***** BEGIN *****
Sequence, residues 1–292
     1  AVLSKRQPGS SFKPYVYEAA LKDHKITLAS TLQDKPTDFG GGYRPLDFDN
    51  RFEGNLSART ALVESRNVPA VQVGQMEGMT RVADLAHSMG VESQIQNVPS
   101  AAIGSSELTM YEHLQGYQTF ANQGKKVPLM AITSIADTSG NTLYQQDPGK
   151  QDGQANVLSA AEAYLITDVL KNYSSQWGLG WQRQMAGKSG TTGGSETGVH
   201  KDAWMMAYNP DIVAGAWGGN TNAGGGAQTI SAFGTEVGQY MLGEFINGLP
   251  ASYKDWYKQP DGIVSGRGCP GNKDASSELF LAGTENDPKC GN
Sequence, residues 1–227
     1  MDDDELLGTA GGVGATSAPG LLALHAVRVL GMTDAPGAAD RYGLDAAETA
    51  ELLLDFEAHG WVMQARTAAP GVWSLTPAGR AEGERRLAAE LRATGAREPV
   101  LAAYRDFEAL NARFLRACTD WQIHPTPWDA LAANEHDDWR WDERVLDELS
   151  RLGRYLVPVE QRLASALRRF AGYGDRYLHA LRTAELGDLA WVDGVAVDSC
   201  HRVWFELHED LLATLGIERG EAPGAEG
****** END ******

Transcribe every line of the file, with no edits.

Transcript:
Sequence, residues 1–292
     1  AVLSKRQPGS SFKPYVYEAA LKDHKITLAS TLQDKPTDFG GGYRPLDFDN
    51  RFEGNLSART ALVESRNVPA VQVGQMEGMT RVADLAHSMG VESQIQNVPS
   101  AAIGSSELTM YEHLQGYQTF ANQGKKVPLM AITSIADTSG NTLYQQDPGK
   151  QDGQANVLSA AEAYLITDVL KNYSSQWGLG WQRQMAGKSG TTGGSETGVH
   201  KDAWMMAYNP DIVAGAWGGN TNAGGGAQTI SAFGTEVGQY MLGEFINGLP
   251  ASYKDWYKQP DGIVSGRGCP GNKDASSELF LAGTENDPKC GN
Sequence, residues 1–227
     1  MDDDELLGTA GGVGATSAPG LLALHAVRVL GMTDAPGAAD RYGLDAAETA
    51  ELLLDFEAHG WVMQARTAAP GVWSLTPAGR AEGERRLAAE LRATGAREPV
   101  LAAYRDFEAL NARFLRACTD WQIHPTPWDA LAANEHDDWR WDERVLDELS
   151  RLGRYLVPVE QRLASALRRF AGYGDRYLHA LRTAELGDLA WVDGVAVDSC
   201  HRVWFELHED LLATLGIERG EAPGAEG